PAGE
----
However, if he starts pulling his hands upwards and moving into some kind of Ochs or hanging guard, leaving his weak forward and less supported, this gives me a brief moment of opportunity, where I can lift my arms and hang my blade over his, gaining control of his sword. When he leaves the weak of his sword out in space, without taking it away, I have enough time to take control of it. If he snatches his weak away in order to strike round, I don’t have time to make my wind, but that time is present and sufficient if he tries to lift his own arms rather than striking around.

According to this analysis, what I need for success is for my opponent to try to move into an Ochs or hanging guard, perhaps in his own (not quite correct) attempt to wind against me, or perhaps in an attempt to perform Ablauffen and strike around from a hanging position. So many people have what I call a “default Ochs”, where they shove their hands upwards in a bind purely out of habit, or because they believe that “winding to Ochs” is the best thing to do whenever a bind occurs. This is quite clearly wrong, it is a behaviour that exposes hands and forearms to unnecessary injury, and it leaves the weak of the sword out in space where it can be controlled by the opponent; but nonetheless, so many people still do this when they fence.

Putting it into practice

The first step of putting it into practice was to learn to identify the opportunities during sparring. I didn’t stress myself about trying to make the technique work, all I wanted to do was to identify the moments when a Mutieren could have worked had I made the attempt. I wanted to identify the moment where my opponent gave me the desired stimulus, so that I could recognise it and what it felt like against my sword.

The second step was to discipline myself to remain on my opponent’s sword rather than lifting off to strike elsewhere or to make some other parry. This meant that I gave fewer hits to my opponents in sparring, because I tried to remain on their sword rather than hitting. It also meant that I took more hits in sparring than usual, because I was not preparing to parry the next strike, only trying to remain on the sword in the bind. I accepted this state of affairs, because learning how to stay on my opponent’s sword is a critical part of learning to make a successful winding technique.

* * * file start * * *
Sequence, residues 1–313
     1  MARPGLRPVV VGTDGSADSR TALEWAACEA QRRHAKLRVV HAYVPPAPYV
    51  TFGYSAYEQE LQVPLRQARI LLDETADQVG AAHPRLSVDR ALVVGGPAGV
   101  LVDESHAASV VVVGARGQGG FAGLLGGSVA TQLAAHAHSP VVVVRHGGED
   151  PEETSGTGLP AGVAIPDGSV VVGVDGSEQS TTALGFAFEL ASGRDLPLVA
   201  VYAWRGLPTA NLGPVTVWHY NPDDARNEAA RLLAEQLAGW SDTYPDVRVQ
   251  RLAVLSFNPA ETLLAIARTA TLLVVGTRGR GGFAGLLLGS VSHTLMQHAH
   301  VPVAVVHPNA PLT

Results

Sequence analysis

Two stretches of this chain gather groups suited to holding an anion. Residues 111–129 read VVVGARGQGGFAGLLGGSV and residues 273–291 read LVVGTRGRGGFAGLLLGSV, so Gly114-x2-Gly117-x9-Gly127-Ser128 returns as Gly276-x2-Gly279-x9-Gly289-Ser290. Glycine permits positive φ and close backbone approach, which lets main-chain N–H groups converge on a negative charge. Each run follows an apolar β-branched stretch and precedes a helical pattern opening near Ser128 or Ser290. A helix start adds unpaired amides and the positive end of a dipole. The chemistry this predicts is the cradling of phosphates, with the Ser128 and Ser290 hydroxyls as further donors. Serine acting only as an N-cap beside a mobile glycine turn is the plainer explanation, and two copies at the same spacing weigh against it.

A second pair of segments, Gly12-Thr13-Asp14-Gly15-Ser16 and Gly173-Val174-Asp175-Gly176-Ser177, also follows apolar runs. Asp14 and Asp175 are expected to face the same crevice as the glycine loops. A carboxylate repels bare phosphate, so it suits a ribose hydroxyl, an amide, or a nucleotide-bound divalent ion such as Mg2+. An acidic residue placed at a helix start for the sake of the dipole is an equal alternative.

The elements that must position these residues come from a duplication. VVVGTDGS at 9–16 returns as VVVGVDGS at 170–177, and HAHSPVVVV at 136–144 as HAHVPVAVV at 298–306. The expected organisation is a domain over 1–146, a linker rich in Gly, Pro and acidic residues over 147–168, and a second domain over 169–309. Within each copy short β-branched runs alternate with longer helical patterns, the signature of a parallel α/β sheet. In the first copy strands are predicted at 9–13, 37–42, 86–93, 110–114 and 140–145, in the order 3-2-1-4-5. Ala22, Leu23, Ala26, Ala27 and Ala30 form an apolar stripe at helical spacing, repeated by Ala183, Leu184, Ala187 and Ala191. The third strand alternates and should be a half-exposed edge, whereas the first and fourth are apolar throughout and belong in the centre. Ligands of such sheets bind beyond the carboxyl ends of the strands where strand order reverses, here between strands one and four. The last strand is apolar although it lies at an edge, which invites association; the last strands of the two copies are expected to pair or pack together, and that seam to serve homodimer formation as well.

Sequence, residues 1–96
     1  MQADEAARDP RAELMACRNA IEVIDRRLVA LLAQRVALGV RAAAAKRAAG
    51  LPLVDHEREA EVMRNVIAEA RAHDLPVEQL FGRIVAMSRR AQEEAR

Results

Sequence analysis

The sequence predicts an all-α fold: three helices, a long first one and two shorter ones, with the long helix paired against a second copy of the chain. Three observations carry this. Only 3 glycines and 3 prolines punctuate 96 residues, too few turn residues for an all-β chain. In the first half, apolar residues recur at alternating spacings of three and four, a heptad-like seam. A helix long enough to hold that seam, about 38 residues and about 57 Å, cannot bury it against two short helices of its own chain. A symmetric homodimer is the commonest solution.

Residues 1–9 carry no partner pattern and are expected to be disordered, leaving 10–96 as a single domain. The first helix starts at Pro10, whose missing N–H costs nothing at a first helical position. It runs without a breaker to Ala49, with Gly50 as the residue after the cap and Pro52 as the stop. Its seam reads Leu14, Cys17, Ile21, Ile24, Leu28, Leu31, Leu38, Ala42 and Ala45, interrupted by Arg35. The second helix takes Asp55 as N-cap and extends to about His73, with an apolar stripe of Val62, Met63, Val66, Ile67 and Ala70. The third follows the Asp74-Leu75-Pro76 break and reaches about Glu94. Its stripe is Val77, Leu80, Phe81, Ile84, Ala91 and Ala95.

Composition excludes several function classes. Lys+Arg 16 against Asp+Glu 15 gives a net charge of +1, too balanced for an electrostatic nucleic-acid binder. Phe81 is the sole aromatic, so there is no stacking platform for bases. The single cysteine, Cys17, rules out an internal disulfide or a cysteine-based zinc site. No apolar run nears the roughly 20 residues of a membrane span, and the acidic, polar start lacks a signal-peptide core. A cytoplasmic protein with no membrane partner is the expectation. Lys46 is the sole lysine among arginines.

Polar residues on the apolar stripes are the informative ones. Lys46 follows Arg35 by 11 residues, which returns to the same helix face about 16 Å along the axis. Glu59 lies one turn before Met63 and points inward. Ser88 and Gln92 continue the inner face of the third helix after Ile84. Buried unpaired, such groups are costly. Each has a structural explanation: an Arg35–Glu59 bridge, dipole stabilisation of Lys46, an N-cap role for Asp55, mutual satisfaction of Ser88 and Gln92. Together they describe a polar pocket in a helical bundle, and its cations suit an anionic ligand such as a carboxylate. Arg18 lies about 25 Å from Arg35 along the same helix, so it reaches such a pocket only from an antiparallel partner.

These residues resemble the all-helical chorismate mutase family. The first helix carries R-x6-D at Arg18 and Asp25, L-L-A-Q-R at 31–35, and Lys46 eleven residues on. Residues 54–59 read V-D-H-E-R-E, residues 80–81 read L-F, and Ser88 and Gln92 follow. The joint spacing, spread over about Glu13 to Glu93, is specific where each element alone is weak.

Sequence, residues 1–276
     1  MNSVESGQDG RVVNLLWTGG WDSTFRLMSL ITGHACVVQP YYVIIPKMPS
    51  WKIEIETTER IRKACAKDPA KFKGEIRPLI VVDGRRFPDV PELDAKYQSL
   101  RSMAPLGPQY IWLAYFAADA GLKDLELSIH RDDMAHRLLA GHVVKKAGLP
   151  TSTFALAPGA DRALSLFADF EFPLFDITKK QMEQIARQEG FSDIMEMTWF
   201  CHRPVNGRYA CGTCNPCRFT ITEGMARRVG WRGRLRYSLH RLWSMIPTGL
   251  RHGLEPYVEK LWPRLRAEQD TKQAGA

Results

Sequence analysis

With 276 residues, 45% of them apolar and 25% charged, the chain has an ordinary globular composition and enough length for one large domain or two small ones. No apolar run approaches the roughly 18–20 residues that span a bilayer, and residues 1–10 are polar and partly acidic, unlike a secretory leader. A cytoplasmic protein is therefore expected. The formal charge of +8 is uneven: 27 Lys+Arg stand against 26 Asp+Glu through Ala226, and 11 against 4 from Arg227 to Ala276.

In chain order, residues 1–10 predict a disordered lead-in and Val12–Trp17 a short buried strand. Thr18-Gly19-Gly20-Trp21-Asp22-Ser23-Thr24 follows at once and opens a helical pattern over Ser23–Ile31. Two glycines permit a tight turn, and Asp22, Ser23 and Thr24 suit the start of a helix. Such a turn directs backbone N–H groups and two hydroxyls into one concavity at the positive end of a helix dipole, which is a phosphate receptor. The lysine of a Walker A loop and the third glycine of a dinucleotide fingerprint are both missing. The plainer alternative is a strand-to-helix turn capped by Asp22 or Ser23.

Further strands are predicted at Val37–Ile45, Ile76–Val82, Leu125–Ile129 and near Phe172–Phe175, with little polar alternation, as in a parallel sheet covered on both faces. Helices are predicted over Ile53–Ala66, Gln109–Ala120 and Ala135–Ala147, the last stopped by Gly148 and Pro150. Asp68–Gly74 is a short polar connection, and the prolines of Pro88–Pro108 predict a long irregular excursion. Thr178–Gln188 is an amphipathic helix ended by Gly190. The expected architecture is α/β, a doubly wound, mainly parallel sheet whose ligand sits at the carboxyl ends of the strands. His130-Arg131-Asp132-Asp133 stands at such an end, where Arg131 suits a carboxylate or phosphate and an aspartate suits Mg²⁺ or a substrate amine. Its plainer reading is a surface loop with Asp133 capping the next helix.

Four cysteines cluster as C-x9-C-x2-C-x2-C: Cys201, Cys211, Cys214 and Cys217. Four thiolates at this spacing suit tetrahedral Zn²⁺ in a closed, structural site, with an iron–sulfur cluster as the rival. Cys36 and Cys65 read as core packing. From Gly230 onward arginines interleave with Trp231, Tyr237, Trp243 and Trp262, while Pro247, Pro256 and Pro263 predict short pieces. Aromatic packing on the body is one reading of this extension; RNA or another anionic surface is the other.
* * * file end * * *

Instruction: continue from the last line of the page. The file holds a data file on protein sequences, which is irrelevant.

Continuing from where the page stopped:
The third step was to try to perform the technique whenever I identified the stimulus in sparring. Even if something else would have been easier, even if it meant that it didn’t quite work and so I suffered a double hit or afterblow in the process, I pushed myself to attempt the technique every time I perceived the stimulus. Although afterblows and double hits are not good, they are simply a fact of life when you are trying to gain a new skill and have not quite worked out the fine tuning just yet.

Finally, I began to have success, perceiving the stimulus at the right time, remaining on the sword without hurrying elsewhere, having the poise and balance and presence of mind to make the Mutieren instead of some other technique, and having the repetitions under my belt to understand where and how to move my sword to make it work.


I would hesitate to say that I have mastered the technique; in fact, I would say quite happily that I have only begun to make it work for me, from time to time. However, by working through all of these stages, by paying attention to stimuli and by using sparring as merely one of my training tools rather than worrying about “winning” every fight, by allowing myself to “lose” fights and take hits while improving my skills at the technique, I am finding more success.

I am sure that there is quite a long road ahead of me before the I can rely on the Mutieren in all aspects of my practice (see my blog article on validating what we do in HEMA, and my more refined article in print[3]), but I hope that showing my progress so far has been an interesting case study in taking an interpretation from the drawing board to success during fencing.


[1] Roger Crosnier. Fencing with the Foil: Instruction & Technique. London: Faber and Faber, 1967. Pages 182-184.

[2] Sigmund Ringeck. MS Dresd.C.487. C.1504-1519. Folios 23v-24v. Translated by Keith Farrell, 2016.

[3] Keith Farrell. “Validating What We Do in Martial Arts.” In: Keith Farrell (ed.). Encased in Steel Anthology I. Glasgow, Fallen Rook Publishing, 2015. Pages 199-208.